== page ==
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Your jailbroken iPhone might be amongst the 225,000 infected by the KeyRaider malware

By Peter Chu - on 1 Sep 2015, 11:48am

Your jailbroken iPhone might be amongst the 225,000 infected by the KeyRaider malware

Image source: Lifehacker

There are plenty of reasons why Apple strongly discourages its users from jailbreaking their devices, and it goes without saying that one of those reasons is to prevent users from pirating applications. But for the most part, it’s to ensure that their users won’t be exposed to the multitude of security risks that comes along with jailbreaking.

One such security risk comes courtesy of the recently discovered KeyRaider malware, which according to the researchers from US-based security specialists Palo Alto Networks, have since compromised more than 225,000 Apple IDs.

“We believe this to be the largest known Apple account theft caused by malware,” wrote Claud Xiao, Palo Alto Networks security researcher, in a blog post regarding the KeyRaider malware.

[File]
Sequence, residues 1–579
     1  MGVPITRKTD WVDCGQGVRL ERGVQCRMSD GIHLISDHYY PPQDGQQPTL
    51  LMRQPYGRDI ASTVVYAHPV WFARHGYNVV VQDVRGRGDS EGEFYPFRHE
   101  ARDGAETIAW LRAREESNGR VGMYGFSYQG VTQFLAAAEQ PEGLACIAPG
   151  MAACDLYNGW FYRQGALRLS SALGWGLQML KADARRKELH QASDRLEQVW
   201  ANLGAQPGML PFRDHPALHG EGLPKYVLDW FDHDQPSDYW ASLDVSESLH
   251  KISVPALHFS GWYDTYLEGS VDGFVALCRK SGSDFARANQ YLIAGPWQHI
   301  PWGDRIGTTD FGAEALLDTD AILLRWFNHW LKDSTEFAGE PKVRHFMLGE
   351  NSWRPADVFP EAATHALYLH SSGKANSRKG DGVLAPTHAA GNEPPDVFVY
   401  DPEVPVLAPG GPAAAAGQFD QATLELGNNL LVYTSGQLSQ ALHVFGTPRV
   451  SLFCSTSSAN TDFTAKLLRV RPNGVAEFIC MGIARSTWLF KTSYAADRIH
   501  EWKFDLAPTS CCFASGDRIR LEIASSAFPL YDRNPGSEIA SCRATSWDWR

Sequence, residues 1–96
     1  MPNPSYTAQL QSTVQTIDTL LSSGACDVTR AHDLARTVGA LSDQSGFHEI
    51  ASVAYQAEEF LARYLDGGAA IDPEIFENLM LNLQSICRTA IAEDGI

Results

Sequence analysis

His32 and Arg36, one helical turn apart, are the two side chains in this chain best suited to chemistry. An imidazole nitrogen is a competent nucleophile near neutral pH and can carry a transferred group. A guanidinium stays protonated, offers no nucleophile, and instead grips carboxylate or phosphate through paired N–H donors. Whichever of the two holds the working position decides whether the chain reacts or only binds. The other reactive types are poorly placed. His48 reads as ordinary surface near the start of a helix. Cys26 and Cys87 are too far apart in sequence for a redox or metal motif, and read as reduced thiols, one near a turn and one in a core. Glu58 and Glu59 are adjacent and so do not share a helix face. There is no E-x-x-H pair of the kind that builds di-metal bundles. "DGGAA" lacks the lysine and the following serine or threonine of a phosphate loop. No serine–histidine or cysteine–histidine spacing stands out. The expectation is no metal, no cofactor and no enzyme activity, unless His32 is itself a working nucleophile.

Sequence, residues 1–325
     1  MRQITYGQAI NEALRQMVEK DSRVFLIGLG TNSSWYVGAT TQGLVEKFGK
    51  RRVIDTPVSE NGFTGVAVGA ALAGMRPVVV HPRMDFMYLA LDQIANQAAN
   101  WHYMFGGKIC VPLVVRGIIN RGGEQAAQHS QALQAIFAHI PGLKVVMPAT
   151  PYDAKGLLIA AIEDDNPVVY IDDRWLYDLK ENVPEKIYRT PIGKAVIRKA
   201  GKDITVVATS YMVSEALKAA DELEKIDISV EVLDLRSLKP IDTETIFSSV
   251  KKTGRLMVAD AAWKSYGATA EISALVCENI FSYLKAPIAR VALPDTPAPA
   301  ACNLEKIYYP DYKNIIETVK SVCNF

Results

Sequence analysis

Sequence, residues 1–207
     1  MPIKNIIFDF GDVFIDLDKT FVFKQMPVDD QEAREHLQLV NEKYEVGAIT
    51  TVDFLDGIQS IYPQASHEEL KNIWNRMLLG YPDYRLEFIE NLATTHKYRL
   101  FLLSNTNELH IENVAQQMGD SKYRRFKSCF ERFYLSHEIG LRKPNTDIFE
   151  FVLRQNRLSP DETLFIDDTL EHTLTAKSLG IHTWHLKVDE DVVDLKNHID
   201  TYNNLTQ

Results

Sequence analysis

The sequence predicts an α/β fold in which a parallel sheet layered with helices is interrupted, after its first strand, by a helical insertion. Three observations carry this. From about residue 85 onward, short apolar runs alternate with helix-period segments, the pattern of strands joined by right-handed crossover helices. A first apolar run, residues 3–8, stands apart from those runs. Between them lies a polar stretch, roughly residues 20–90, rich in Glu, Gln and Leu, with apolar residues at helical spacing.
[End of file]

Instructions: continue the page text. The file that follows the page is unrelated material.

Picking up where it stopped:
But apart from Apple ID usernames and passwords, KeyRaider also collects plenty of other details about your device, including its GUID, security certificates, private keys for the Apple push notification service, as well as your App Store purchase history.

This is not something you'll want to see while unlocking your iPhone. The message reads “Please contact by QQ or phone to unlock it.” <br> Image source: Palo Alto Networks

That’s not all that KeyRaider is capable of doing, because If you’re really unlucky, it’s even able to lockdown your device entirely. And as you would already expect, the only way for you to unlock it is by paying a ransom to the person responsible for holding your device hostage.

The good news is, because the KeyRaider malware is primarily distributed through third-party Cydia repositories in China – which can only be accessed if you have jailbroken your phone – if your device is still running on Apple’s untampered iOS platform, you should have nothing to worry about.

Nevertheless, that hasn’t stopped KeyRaider from going to town on jailbroken iPhones in France, Russia, Japan, United Kingdom, United States, Canada, Germany, Australia, Israel, Italy, Spain, Singapore, and South Korea. Malaysia is fortunate enough to be excluded from the list, but the fact that our neighboring country, Singapore, is on it should already be disconcerting enough.

Source: Palo Alto Networks via Engadget